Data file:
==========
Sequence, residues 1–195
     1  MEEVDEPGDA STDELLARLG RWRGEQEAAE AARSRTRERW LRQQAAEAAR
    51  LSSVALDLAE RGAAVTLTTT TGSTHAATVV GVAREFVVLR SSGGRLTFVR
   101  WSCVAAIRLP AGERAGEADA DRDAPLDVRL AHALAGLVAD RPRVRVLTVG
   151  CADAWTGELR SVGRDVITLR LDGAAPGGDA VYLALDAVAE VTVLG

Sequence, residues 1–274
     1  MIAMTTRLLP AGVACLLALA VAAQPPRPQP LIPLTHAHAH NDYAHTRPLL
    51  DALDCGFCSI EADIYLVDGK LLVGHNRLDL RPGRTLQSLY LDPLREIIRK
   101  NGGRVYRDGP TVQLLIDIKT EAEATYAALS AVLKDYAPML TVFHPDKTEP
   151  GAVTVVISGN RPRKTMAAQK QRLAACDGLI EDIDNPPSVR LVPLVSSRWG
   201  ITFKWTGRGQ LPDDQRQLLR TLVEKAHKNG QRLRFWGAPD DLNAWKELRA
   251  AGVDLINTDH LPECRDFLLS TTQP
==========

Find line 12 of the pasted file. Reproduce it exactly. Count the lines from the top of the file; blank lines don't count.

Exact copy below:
   251  AGVDLINTDH LPECRDFLLS TTQP